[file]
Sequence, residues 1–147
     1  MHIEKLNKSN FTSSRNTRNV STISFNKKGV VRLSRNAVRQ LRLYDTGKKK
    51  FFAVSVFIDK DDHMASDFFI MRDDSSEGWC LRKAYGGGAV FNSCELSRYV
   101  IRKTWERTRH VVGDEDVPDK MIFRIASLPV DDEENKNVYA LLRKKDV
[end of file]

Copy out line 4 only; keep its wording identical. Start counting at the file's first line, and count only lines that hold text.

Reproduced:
   101  IRKTWERTRH VVGDEDVPDK MIFRIASLPV DDEENKNVYA LLRKKDV